Physical progressions. For some nonfiction, it may be enough to organize the information around some physical characteristic. Perhaps discuss birds in order of size starting with the tiniest hummingbird and progressing through condors and other large birds. Or, you may discuss birds beaks and organize on that basis.
Logical progression. Often narrative nonfiction attempts to logically explain some issue. Here, the organization revolves around the logic of arguments, that of laying out the basic thesis and then providing supporting information.
Spatial progressions. Little used, but often effective, is a spatial progression. Here, you may describe the countryside to the north, then east, south and west. The progression may go from a person’s hat to their shoes.
When we write and readers read, we are looking for meaning, for coherence and cohesion. We want the writing to make sense of events, rather than a random collection of facts. Even browsable nonfiction imposes some sort of organization on facts, by grouping elephants on one page and mice on another. Look for narrative arcs and progressions to help you create the strongest organization possible.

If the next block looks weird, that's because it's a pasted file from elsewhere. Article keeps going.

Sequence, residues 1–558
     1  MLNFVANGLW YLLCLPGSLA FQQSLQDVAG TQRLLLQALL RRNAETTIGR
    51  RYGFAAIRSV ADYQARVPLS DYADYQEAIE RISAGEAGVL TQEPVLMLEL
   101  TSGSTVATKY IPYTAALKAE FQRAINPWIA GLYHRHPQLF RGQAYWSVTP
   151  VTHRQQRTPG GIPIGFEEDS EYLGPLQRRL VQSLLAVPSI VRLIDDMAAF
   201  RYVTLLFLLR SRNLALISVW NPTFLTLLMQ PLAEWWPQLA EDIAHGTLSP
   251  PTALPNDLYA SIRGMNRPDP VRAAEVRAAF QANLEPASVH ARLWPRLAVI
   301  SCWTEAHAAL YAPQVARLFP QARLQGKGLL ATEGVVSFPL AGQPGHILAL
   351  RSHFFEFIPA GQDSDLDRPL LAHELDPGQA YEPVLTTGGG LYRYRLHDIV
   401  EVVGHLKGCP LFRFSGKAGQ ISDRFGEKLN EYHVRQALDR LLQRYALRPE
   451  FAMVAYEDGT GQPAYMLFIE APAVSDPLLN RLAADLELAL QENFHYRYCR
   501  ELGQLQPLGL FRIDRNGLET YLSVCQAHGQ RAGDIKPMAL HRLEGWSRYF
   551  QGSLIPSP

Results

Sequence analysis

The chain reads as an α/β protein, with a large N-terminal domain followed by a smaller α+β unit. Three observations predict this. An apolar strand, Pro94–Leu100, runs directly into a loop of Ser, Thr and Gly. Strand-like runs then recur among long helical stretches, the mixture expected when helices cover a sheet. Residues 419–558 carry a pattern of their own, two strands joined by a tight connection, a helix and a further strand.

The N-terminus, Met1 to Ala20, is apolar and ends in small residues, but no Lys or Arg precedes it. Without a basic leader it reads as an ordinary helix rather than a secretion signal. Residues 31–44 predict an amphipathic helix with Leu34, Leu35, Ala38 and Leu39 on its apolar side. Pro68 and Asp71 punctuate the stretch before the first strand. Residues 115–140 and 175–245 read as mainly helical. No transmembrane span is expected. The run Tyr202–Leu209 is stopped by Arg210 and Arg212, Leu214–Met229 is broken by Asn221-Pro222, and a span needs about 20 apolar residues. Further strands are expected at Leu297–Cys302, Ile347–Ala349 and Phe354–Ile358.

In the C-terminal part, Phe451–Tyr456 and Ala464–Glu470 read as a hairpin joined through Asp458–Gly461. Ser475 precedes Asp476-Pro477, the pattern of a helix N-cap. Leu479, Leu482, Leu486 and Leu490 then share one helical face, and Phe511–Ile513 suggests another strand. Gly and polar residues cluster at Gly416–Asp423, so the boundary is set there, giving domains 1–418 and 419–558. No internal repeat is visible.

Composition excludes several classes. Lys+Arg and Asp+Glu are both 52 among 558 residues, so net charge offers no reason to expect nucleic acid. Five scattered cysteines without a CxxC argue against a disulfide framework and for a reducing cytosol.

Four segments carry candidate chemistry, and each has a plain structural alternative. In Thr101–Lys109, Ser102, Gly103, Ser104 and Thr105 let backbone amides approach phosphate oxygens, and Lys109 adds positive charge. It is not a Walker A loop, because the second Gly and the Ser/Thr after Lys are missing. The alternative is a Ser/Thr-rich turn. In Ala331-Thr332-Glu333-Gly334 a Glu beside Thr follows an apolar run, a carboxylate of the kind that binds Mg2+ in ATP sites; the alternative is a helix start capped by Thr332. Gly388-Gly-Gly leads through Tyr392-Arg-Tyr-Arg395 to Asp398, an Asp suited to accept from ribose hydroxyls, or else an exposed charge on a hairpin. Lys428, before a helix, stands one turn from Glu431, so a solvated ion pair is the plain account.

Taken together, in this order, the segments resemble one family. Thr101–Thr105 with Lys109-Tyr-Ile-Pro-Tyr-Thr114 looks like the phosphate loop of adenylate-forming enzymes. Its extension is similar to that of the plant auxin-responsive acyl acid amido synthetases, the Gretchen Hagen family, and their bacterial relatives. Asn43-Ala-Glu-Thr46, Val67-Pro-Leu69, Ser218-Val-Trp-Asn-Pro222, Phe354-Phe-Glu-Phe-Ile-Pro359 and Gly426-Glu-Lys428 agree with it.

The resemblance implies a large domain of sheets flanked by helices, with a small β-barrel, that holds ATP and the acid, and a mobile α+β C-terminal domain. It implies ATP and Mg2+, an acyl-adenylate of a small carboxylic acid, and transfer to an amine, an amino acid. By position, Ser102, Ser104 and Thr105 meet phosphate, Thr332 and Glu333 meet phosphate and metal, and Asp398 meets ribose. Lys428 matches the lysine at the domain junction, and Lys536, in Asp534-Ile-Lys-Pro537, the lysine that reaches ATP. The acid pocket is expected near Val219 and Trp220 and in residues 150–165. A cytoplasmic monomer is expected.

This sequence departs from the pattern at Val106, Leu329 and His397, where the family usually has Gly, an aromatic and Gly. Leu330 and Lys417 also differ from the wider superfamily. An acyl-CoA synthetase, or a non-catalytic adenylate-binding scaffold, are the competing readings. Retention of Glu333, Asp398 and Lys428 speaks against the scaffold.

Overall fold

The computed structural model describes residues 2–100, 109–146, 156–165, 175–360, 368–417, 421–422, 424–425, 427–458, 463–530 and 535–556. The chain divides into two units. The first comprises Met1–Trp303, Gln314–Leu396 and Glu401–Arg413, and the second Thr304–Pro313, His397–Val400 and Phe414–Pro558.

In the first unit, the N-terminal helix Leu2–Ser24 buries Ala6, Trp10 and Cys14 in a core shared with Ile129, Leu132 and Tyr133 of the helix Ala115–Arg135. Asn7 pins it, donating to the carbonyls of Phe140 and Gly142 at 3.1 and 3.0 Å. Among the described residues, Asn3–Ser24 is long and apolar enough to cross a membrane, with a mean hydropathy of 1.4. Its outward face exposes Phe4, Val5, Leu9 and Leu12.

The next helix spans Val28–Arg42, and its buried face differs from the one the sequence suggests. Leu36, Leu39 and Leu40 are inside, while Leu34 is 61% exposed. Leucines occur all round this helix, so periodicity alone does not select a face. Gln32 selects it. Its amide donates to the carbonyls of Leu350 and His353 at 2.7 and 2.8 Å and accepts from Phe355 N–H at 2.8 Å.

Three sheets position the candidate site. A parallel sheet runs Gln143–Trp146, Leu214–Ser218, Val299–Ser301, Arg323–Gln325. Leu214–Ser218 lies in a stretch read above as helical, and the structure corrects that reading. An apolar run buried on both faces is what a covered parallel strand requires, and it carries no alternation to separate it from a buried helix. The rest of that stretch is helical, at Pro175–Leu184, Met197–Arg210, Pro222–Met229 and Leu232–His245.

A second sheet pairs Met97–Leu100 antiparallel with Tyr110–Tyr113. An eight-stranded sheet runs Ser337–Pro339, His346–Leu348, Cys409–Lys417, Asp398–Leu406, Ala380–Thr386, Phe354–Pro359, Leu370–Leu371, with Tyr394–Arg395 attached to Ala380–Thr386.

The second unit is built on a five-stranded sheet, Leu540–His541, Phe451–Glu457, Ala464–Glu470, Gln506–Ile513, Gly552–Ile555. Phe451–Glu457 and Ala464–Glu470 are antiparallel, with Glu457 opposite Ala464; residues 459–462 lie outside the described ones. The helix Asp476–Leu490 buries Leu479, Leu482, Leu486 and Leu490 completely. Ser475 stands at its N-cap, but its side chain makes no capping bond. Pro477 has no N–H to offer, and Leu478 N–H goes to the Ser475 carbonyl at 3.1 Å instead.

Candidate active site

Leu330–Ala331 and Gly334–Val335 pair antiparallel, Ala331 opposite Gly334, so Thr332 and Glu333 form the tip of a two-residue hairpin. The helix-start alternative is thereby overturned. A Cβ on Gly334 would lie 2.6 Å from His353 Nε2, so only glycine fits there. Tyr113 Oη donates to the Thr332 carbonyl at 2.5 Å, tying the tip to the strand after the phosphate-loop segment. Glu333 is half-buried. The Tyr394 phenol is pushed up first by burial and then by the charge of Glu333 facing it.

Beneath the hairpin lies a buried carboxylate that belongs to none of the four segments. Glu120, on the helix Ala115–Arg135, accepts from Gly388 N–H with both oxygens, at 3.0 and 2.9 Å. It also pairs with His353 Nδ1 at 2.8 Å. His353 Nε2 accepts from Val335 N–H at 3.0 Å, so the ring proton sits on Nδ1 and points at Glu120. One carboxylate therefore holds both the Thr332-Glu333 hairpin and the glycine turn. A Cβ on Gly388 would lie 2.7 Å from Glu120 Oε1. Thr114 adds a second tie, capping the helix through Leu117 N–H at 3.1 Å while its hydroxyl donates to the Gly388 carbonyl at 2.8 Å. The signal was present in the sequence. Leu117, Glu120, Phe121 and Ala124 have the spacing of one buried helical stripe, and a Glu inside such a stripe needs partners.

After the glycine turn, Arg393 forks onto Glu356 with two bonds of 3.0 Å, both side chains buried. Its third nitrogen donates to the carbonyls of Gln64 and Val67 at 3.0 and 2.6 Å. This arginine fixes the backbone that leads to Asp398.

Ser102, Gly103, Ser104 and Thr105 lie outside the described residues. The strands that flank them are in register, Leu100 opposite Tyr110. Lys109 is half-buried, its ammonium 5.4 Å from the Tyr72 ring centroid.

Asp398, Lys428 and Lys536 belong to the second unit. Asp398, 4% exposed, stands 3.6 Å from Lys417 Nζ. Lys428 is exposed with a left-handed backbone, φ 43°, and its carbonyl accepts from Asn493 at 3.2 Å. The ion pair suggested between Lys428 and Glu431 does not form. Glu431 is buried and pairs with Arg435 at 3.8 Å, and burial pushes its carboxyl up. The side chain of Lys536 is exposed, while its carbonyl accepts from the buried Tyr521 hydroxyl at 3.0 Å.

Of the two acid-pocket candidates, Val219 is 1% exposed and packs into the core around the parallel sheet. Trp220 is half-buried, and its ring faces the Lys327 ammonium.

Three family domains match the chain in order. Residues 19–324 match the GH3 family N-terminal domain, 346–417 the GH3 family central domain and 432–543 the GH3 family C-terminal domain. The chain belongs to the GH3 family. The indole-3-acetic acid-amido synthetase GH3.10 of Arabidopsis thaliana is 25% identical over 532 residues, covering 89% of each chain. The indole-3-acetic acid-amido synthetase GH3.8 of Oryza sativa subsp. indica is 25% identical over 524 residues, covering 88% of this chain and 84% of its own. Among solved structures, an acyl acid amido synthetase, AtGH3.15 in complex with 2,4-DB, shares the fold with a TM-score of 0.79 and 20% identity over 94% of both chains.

When writing a novel, one common admonishment is to keep in mind the goal of entertaining the reader. Fiction’s purpose is to entertain; non-fiction’s purpose is to inform. But the lines between the two can often blur, as when non-fiction uses narrative techniques.
This week, I’ve been reading Cory Doctorow’s book, For the Win and he uses info dumps like crazy, putting in lots of technical discussions, potentially boring information. He does it–and it works? What is he doing right?
Story comes first.For the Win is first and foremost a wide-ranging global story of online gaming and how the workers across the world join together to fight for better working conditions. There’s a strong plot, strong goal and an interesting series of developments.
Interesting characters. Doctorow also pulls together a fascinating cast of characters, drawn from the four corners of the globe. There’s the uneducated, but smart Indian girl from the slums, a disillusioned teen from California, Worker activist from Singapore, determined striker from China, and equally fascinating radio personality from the Pearl Delta of China. They are all fleshed out with real-world needs, wants, goals, and their individual circumstances come alive.
Setting. For each character, their setting is particularized with specific sensory details. You get spicy chai and well-water in an Indian slum juxtaposed with the luxury of a wealthy California home.